3. Leroy knew he had to go forward.  On either side of him the cement walls ran so close that he had to keep his arms from swinging to avoid scraping the skin from his knuckles.  Dripping water echoed overhead, and he sloshed through shallow puddles that soaked his Nikes and socks, freezing his feet.  The only illumination came from the cell phone he held in front of him.  Good thing he’d downloaded that flashlight app.  He had a hard time identifying the smell over the scent of mildew, but whatever it was made him want to breathe through his mouth.

    Then, at last, it was over. His fifteen minutes of torture had passed.

    “Very well, group,” said the class instructor. “Now, starting from the left with Leroy, let’s hear your examples of metaphors for the creative writing process.”

    • Why did I know this wasn’t going to be your typical dead-rat-filled tunnel? I wonder what he illuminates with that flashlight app?

      • Actually, Ann, there was a typo there. The ‘flashlight app’ should have read ‘PatchLit app’, which I’m about to invent, and which will allow un-illuminated writers to use their smart phones to select clichéd elements of the plots of best sellers and patch them together.

  4. The concussive thunder of cannon fire reaches my ears, blissfully covering the screams of men dying in the siege underway. Then I hear them again—the sharp screams of soldiers struck with arrows and the long, agonized wails of men covered in burning pitch.

    Another cannon explosion, and my ears are deafened momentarily. I scurry along in the dark, rock on all sides of me, my elbows scraped and bleeding. I’m running in the dark. I know these tunnels well. My candle has long since been snuffed by the air currents in this tunnel, currents that bring the sounds and smells of battle to me.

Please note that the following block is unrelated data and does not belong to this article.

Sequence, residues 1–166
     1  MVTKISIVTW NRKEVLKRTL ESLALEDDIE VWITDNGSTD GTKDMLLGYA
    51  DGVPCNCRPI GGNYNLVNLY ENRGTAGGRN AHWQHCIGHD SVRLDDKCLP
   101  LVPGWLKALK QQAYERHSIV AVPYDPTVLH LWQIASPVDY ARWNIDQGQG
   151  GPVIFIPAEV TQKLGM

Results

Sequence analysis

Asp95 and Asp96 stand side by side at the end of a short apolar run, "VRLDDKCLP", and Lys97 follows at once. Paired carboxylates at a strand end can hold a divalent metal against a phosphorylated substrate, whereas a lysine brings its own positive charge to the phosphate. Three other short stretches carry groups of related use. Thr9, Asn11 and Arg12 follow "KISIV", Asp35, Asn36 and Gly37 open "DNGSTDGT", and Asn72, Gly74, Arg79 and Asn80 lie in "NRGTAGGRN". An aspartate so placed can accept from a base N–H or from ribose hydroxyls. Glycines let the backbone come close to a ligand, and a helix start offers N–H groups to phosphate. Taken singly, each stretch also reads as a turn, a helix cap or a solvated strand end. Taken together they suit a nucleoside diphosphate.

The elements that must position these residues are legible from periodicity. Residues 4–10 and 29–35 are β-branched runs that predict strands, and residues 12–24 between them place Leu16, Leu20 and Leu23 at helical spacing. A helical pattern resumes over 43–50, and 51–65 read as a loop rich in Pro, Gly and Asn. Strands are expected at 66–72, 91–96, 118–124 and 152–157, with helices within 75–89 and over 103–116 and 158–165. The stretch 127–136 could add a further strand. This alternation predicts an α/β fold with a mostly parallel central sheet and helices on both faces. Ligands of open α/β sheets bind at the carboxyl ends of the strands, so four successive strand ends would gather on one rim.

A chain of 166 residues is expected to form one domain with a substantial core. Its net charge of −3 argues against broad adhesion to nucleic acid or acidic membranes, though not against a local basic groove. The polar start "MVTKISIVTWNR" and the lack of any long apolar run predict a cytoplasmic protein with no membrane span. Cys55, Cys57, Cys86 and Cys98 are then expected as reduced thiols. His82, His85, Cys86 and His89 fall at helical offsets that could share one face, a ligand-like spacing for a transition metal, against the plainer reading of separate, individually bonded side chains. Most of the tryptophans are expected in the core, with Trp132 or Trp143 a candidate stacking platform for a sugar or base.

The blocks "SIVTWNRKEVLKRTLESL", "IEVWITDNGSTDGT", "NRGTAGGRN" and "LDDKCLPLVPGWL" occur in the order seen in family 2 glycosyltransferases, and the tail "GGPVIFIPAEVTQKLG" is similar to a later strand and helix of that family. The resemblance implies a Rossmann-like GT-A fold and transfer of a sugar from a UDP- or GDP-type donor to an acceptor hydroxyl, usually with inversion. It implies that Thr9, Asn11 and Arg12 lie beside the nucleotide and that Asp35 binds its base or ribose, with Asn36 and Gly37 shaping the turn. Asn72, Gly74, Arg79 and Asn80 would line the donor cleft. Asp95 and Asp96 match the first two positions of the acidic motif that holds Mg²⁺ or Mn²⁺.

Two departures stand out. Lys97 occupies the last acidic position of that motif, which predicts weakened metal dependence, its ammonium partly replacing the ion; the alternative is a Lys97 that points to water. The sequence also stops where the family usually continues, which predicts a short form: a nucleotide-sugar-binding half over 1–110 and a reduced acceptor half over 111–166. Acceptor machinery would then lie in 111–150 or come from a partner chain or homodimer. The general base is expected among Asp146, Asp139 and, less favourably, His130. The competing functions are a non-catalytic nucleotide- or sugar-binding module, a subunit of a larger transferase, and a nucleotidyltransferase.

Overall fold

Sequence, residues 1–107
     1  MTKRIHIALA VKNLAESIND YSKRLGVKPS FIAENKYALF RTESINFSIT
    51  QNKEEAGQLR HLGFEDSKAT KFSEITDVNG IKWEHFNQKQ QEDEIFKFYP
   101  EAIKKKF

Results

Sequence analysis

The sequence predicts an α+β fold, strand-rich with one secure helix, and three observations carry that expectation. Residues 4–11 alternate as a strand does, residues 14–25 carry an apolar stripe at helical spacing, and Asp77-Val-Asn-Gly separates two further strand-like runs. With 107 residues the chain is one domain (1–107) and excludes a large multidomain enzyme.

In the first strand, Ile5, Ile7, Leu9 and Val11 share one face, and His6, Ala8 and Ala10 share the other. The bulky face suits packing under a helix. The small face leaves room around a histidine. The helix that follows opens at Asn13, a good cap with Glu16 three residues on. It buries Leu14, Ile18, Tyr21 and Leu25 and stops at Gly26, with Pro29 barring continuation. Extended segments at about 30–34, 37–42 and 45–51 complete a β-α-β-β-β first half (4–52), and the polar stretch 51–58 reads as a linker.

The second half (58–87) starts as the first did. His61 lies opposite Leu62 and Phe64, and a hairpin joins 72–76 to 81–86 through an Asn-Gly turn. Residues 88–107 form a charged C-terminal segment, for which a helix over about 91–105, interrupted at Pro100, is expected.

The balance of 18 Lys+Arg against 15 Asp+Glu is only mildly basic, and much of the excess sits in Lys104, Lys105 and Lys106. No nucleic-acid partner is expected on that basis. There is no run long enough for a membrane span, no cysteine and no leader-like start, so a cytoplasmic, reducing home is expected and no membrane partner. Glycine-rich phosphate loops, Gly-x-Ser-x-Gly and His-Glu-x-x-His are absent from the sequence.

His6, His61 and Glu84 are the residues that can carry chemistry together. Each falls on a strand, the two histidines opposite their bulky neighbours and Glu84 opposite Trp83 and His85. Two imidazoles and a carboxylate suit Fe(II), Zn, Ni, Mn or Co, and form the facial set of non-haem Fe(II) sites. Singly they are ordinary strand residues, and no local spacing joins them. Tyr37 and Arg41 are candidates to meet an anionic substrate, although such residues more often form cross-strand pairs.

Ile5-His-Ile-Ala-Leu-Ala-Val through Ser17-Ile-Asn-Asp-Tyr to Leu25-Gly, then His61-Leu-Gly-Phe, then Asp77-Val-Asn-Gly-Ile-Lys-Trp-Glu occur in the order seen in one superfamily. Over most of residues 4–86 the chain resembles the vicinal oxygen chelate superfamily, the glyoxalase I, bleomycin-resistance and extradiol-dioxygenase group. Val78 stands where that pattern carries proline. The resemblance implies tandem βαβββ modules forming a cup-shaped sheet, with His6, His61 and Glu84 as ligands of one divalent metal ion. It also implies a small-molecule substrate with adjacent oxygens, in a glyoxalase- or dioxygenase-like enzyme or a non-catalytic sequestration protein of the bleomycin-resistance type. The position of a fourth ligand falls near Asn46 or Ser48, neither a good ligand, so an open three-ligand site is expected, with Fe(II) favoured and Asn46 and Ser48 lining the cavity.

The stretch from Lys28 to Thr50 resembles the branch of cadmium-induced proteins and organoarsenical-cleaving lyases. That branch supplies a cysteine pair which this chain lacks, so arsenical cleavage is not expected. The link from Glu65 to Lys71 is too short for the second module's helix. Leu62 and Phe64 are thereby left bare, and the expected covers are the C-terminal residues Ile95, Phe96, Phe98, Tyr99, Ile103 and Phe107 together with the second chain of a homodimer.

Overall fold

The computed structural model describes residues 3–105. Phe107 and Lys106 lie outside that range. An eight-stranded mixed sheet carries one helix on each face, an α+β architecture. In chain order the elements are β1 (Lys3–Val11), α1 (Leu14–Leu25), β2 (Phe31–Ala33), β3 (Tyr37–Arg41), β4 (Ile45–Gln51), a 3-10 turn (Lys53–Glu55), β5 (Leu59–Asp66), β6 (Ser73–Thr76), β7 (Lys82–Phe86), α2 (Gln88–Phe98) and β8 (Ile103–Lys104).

I recognize them: acrid exploded gunpowder, burning pine pitch, smoke from cookfires. There is another smell, a coppery smell, one that seems familiar, but I can’t put a name to it. I think it is the smell of blood.

    I am thankful I can’t hear the men drowning in the river below us. Theirs is a slow death, lured to their end by the Lorelei. She is but a rock in the river below massive cliffs, but those who see it and live believe it is a beautiful mermaid who sings them to their death. They are mesmerized, gazing at the high bluff or following the action of their comrades assaulting the fortress, the Burg Rheinfels.

    Even the tillerman is entranced with the view and soon the ship is smashed against the rock, foundering in the river Rhein, all hands lost.

    My hand touches emptiness, a cleft in the sidewall of the tunnel. It is the sealed opening of a branch tunnel leading outside the fortress walls, gunpowder stacked along the portions beyond the walls.

    The unwitting will be blown to kingdom come when they reach these cunning defenses, covered only with thin slate, the gunpowder ignited by a fuse from deep within the castle.